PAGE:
Much to Discover at Paradise Found

Connect with Astrology, Tarot, Crystals, and More Inside 33-Year-Old Shop

Astrology is just a tiny piece of the spiritual puzzle at Teresa Taylor’s Paradise Found. | Credit: Paul Wellman

On Anapamu Street, across from the library and art museum, ethereal music has wafted out from Paradise Found for the past 33 years. Founded in 1986 with the original mission of “healing through music,” the shop has become a haven for folks interested in exploring conscious living. 

As such, shop owner Teresa Taylor keeps Paradise Found full of myriad tools for that purpose. “We are here to lay out the most scrumptious feast of wisdom of the ages and then invite you to come and pick and choose whatever delights you,” she said.

Raised in Southern California, Taylor had spent her career as a commercial set decorator and a development director for arts nonprofits, living a nomadic existence, which included a stint in Australia, before settling in Santa Barbara. While deciding what to do next job wise, the opportunity arose to buy Paradise Found, and she jumped at the offer. Although Taylor had never worked in retail, she wanted to give it a go because, as she said, “I love variety. This shop suits my personality ​— ​the client base and the products.”

Paradise Found.

Although the music isn’t the main focus of the store any longer ​— ​streaming services having made CDs mostly obsolete ​— ​Paradise Found is still chock-full of items to help bring about calm, meditation, learning, and comfort. Whether you are seeking knowledge “through aromatherapy, books, or the accumulated wisdom of the ages represented by many different traditions,” Taylor said, you can find it there.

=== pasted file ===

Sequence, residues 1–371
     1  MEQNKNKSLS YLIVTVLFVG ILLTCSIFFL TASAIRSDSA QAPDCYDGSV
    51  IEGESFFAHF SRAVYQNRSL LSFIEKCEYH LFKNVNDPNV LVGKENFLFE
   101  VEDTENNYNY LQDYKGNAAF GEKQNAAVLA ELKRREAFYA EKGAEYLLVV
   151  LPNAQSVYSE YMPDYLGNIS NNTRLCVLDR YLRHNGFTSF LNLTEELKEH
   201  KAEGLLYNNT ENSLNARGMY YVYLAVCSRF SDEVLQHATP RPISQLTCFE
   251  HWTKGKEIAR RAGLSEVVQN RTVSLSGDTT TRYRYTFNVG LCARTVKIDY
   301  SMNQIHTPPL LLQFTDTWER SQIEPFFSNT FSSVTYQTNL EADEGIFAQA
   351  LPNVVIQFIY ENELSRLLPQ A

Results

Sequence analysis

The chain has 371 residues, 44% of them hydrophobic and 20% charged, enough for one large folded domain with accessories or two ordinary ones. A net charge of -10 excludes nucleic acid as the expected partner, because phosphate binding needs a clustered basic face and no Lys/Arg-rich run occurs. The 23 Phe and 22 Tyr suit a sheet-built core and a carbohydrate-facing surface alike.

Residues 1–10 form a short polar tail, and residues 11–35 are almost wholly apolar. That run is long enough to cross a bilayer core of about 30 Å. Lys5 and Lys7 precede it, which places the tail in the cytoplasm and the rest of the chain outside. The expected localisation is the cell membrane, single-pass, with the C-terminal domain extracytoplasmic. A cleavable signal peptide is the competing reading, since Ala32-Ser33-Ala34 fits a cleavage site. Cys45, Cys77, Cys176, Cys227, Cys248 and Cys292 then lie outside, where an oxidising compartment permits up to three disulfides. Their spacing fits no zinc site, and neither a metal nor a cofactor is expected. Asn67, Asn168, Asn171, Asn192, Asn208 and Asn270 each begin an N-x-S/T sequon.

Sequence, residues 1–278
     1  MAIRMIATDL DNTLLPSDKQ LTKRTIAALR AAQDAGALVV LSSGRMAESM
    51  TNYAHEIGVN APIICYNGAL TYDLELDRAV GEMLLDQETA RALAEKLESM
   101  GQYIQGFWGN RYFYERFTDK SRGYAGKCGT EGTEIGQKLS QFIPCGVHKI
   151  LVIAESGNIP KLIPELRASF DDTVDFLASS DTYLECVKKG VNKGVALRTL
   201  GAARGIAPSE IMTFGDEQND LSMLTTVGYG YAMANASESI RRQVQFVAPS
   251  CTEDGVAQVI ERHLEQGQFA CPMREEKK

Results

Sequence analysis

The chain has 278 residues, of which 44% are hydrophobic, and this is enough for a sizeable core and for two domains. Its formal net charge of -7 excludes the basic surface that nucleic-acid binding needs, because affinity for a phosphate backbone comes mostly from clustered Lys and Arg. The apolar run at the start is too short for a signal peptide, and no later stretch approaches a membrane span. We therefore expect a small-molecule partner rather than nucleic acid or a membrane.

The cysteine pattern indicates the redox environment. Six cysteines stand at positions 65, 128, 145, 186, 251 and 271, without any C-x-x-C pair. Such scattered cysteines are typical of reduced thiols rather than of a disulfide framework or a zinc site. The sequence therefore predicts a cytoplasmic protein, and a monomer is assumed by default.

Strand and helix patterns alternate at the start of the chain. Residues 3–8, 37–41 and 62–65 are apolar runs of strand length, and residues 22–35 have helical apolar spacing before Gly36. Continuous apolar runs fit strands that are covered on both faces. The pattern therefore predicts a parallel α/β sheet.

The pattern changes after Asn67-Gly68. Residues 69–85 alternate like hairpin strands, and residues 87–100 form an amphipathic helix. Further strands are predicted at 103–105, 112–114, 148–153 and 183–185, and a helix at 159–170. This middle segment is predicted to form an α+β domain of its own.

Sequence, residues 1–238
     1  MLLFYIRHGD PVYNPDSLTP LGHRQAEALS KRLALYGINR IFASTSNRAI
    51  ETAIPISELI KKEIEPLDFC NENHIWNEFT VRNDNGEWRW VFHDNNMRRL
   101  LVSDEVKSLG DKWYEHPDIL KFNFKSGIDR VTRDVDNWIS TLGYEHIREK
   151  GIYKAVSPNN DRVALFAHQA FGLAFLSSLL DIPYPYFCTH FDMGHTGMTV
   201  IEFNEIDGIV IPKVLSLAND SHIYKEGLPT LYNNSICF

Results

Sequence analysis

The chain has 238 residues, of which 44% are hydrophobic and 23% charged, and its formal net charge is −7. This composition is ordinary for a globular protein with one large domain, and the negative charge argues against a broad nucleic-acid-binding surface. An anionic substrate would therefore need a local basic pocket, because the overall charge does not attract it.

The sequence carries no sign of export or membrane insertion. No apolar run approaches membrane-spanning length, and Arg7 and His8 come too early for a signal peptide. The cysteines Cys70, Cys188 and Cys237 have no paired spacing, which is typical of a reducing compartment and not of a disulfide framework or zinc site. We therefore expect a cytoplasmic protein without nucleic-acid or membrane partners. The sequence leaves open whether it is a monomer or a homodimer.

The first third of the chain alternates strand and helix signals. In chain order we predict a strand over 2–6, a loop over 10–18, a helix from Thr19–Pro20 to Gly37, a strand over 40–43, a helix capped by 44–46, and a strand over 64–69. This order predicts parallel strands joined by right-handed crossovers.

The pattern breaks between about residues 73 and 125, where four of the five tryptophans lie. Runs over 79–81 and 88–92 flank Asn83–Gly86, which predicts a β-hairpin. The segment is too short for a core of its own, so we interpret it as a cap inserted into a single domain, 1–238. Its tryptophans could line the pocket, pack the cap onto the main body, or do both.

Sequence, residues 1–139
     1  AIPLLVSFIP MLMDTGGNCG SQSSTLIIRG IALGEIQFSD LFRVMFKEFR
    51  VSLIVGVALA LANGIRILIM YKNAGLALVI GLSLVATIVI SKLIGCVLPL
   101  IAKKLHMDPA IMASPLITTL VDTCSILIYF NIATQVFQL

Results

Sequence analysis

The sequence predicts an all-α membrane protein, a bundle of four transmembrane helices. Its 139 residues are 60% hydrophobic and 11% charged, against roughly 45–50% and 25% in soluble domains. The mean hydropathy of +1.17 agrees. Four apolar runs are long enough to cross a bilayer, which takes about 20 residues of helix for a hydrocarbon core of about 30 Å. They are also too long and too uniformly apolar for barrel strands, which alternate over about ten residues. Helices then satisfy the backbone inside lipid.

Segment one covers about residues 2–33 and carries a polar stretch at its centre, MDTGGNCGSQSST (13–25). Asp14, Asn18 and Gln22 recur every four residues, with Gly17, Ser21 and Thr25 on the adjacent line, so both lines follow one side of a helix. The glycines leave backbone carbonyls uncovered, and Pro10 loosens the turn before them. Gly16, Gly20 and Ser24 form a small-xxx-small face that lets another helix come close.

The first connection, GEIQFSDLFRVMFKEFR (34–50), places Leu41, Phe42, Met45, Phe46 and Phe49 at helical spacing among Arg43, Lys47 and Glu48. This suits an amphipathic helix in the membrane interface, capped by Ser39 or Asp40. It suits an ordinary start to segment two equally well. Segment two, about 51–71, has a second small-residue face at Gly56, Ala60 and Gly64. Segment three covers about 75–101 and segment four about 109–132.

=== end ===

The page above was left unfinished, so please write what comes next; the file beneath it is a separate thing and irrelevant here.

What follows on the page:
Tarot cards, dreamcatchers, glow-in-the-dark saints, scented candles, crystals, and books on a multitude of subjects pepper the shop’s cozy nooks and crannies. Astrological items are also on hand. “I think of astrology as a tool and as a connection point to something that’s outside of myself,” said Taylor. “So, tapping into cycles and rhythms that are larger than my little life of getting up and making a cup of tea broadens my perspective, my orientation.”

And what does Taylor have to say to those unfamiliar with Paradise Found who think it might be too “woo-woo”? “I think that anything in here can be used in ways that are superstitious, but my value is to empower people to decide for themselves,” she explained. “So come explore; don’t just take anybody’s word for anything. Try it on yourself and ask, ‘Does that resonate; does that fit; does that make sense in my brain and my soul?’ Otherwise, we are just taking one belief system and plopping it onto another, and we aren’t taking responsibility for our own growth and development and our own views.”

17 E Anapamu St.; (805) 564-3573;


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